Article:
We specify different projections for fields of geometry type. EPSG:4326 or WGS 84 (World Geodetic System) projection is convenient for the initial creation of geographic objects during procedural generation, because its unit of measurement is usual degrees of longitude and latitude. EPSG:3785 (Web Mercator) projection is more convenient when it is necessary to make various transformations of geometries, and its unit of measurement is meter. Since the projections are different, at the certain stage we will have to make a transformation from one projection to another.

This code also includes the creation of two indices, the second of which is the spatial index. Such indices are a good tool for speed up many operations with geospatial data; see details in the PostGIS documentation. In this example, rivers_geom_idx index is not particularly useful, but if you intend to use the resulting rivers data further, then including it more than desirable. On the other hand, we do not create any spatial index with the geom_wgs84 field, since we do not need bounding box property of its values in our procedures.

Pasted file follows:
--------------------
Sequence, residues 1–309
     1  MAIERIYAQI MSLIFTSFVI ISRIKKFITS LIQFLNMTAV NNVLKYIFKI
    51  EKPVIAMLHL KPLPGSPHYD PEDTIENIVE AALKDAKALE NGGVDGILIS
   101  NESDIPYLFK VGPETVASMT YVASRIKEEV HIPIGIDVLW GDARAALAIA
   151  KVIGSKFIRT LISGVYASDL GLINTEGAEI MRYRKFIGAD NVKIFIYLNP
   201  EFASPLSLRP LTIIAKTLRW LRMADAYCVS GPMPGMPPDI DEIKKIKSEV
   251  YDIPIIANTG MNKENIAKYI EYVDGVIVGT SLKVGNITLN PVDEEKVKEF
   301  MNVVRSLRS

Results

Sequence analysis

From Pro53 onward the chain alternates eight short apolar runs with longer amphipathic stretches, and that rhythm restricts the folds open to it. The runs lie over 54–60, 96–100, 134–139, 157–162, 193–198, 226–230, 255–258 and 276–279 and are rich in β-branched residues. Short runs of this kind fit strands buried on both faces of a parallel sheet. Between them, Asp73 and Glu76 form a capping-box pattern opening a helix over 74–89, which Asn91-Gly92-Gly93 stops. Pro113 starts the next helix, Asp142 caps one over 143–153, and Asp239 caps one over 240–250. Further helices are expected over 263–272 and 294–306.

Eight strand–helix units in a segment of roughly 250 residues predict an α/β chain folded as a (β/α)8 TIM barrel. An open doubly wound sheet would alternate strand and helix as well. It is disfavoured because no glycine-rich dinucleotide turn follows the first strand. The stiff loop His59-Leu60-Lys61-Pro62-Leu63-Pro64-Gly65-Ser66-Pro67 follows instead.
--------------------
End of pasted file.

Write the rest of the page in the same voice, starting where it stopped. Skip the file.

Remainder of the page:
The river line segments are of LINESTRING spatial type, and resulting rivers are of MULTIPOLYGON spatial type. We do not specify the POLYGON spatial type in favor of the more general type, since the rivers can consist of separate pieces, for example, if a lake divides the river into parts.

For contrived, but simple, example we write down the data of the river consisting of three segments.